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Holiday Auto Travel With Your Pet

Holiday Auto Travel With Your Pet

With the Holidays a few weeks away you might be taking your pet shopping with you or visiting family and friends for a weekend. Traveling with your pet, even short distances during the Holiday can be fun, but stressful for you and your pet. Driving with your dog in the back seat comes with responsibility, just like a child. Here are a few tips, not just for the Holidays but all year long.

Get Your Pet Ready

Contact or visit your local veterinarian for advice and maybe some medication for a long trip. If your pet will be in a crate during your trip, place the crate out in the open a few days in advance. Leave the gate open but place some of their favorite toys or treats inside. This signals your pet in advance there will be some changes coming. When you are ready to pack up to start your trip, make sure you bring those specific toys and treats with you.

To Bring or Not to Bring

Wherever you are traveling this season, get an idea of traffic routes and weather. Make sure there are stops along the way to take your dog out to stretch his or her legs. Be prepared for extreme weather changes as well. If you have to leave them in the car for long periods of time, don’t bring them at all. Both extreme heat and cold have tragic effects on animals left in a car unattended. Please bring doggie baggies to pick up any of their “presents” along the way.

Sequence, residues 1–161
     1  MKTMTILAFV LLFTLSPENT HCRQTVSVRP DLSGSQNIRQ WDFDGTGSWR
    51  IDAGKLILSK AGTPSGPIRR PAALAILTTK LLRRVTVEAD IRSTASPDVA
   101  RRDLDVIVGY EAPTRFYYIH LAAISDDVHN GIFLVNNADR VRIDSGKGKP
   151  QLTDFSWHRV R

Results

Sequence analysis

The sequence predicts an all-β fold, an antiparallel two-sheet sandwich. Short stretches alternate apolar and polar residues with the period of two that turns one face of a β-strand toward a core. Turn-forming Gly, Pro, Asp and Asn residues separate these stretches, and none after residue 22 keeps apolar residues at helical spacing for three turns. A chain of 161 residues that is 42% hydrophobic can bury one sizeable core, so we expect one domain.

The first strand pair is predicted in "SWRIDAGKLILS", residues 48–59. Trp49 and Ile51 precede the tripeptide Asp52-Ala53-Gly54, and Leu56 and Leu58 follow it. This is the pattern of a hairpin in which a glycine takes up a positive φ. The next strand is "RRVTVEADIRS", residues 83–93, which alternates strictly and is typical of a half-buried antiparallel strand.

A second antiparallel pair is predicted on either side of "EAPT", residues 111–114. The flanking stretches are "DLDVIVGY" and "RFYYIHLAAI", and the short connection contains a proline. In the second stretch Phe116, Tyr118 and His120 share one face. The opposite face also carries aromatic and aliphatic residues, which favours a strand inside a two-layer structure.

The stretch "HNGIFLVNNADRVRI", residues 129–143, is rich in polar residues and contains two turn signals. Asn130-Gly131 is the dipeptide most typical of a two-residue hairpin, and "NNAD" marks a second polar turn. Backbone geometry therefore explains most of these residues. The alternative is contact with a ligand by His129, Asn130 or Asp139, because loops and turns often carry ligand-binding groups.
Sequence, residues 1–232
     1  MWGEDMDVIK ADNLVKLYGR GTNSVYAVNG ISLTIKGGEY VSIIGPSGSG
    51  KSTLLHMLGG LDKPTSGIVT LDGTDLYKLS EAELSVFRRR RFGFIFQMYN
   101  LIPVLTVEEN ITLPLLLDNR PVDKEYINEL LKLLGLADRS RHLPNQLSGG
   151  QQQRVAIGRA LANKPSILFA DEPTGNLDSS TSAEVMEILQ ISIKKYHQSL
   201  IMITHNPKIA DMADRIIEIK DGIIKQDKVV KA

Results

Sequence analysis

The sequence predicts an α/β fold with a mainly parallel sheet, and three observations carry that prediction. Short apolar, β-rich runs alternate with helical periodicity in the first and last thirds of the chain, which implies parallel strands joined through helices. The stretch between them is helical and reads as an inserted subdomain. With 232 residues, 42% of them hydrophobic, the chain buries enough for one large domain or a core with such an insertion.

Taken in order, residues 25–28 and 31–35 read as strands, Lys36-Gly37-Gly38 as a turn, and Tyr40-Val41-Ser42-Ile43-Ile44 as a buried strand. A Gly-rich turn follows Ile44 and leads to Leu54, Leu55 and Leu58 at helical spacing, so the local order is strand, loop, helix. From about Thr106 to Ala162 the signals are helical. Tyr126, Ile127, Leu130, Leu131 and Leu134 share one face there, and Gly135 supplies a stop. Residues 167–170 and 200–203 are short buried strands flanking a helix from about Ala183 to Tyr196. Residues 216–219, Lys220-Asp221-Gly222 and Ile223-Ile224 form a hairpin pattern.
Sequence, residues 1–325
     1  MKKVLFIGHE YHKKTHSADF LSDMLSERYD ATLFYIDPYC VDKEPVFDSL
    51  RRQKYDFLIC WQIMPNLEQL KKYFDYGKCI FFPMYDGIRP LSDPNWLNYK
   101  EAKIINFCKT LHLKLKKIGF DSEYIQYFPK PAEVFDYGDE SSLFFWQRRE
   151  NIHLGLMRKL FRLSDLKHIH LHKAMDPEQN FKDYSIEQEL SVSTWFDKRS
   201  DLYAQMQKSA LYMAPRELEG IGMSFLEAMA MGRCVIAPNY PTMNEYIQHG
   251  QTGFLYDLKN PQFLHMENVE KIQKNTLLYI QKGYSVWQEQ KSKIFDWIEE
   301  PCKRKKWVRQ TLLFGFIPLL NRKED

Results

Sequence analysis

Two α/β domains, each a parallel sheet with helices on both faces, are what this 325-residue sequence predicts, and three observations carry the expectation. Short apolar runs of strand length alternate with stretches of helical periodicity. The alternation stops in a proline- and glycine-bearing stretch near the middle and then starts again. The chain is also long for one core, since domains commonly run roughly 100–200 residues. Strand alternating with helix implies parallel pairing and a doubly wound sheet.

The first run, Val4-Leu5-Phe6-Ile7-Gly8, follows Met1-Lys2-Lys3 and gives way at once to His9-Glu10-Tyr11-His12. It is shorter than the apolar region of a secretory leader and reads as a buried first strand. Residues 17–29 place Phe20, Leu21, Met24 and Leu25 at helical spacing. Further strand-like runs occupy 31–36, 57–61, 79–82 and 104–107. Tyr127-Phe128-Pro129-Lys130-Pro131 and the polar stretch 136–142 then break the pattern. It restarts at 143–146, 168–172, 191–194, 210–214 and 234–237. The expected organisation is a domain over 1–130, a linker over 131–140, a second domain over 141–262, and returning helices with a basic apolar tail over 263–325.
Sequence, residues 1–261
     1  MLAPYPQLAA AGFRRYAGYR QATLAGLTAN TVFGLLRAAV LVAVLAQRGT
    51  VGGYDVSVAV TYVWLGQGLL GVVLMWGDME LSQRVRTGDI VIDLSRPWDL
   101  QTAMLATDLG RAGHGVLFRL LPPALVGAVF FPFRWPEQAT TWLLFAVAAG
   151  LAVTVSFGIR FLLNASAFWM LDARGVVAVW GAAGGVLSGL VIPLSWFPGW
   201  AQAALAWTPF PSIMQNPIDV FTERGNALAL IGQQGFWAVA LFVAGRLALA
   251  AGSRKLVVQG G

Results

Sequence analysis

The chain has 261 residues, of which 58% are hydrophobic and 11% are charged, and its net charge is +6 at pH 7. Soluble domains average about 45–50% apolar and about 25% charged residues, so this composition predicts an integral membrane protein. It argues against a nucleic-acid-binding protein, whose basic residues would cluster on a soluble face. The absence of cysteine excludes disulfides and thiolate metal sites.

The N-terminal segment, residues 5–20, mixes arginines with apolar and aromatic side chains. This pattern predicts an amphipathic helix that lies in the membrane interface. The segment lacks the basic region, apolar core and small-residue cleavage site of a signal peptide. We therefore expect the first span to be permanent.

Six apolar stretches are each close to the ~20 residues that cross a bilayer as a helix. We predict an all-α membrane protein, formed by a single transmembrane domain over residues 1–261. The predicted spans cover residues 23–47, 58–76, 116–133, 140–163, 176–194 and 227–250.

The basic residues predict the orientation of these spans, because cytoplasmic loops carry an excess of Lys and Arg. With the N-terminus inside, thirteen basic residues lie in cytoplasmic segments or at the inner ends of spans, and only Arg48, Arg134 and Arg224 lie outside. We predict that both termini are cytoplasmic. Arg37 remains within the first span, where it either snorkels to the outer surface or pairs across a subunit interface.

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Window Etiquette

Keep the windows shut. Sound mean? Not really, a dog with his head out the window might look cute, but flying garbage or dust particles can cause serious damage to your dog’s eyes. If you insist on having its head out the window, buy some doggie goggles.

Hydrate

Keep water in the car… You should pack a bowl and a bottle of water for any auto emergency or your dog gets overheated when taking a potty walk. I’ve seen some dog dishes you can fold up and put in your purse. You don’t need to use expensive water like Pellegrino or Perrier nor does it need to be cold.

Buckle Up

Ask-Doc-Harness-PhotoDon’t leave home without a safety harness, just like a child safety seat. Each dog should have a car harness that allows a seat belt to buckle the dog in securely. Keep the dog in the back seat, deployed airbags can be just as dangerous for a dog as a child. If you chose to transport your dog in a crate, strapping the crate in to the seats securely is imperative. Either way, your animal is safe.

Kissing under the Mistletoe

Holiday plants that can be a threat to your pet’s health are lilies, holly ad mistletoe. Poinsettia plants might have a mild reaction, but not as severe as the ones I just listed. Just like alerting family ahead of time your child has a reaction to peanuts, you might want to give advance warning for your pet’s possible reaction.

When traveling with pets, I feel it is no different than a child as far as safety is concerned. We want to protect our pets as we do our children. Traveling with pets vs. children for the holidays has a few advantages; one being they can’t talk and ask every five minutes, “are we there yet?”

HAPPY HOLIDAYS AND SAFE TRAVELS

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